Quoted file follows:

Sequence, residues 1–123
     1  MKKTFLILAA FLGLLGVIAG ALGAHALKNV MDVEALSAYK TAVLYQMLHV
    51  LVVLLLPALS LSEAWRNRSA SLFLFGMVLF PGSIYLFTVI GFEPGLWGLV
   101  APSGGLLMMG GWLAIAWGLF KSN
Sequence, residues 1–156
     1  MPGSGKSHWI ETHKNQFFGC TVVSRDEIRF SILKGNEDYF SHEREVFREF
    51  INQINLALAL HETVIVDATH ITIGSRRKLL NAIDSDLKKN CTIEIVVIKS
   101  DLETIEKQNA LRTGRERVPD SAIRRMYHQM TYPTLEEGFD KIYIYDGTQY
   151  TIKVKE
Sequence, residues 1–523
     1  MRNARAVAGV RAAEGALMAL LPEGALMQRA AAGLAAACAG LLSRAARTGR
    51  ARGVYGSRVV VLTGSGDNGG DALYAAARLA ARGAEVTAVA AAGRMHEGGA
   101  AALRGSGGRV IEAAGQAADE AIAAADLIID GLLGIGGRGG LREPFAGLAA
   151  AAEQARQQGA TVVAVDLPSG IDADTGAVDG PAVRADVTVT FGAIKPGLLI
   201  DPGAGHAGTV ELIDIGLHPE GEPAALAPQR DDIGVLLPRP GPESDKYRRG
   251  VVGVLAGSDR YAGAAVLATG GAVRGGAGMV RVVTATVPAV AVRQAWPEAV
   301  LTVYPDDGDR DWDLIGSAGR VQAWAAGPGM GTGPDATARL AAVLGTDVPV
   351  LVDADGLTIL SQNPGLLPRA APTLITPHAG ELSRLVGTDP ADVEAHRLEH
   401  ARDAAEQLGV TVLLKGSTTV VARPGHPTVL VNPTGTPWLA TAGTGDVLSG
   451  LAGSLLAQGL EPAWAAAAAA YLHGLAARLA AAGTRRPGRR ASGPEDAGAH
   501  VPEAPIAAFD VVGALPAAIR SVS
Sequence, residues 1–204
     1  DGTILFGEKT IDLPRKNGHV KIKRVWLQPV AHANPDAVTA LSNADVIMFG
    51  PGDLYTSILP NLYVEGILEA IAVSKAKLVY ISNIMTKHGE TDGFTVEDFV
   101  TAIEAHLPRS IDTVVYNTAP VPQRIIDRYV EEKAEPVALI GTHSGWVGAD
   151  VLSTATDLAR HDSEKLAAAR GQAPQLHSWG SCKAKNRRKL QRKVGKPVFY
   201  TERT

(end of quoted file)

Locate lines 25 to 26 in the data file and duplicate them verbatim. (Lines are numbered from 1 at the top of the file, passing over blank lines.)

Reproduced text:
   101  TAIEAHLPRS IDTVVYNTAP VPQRIIDRYV EEKAEPVALI GTHSGWVGAD
   151  VLSTATDLAR HDSEKLAAAR GQAPQLHSWG SCKAKNRRKL QRKVGKPVFY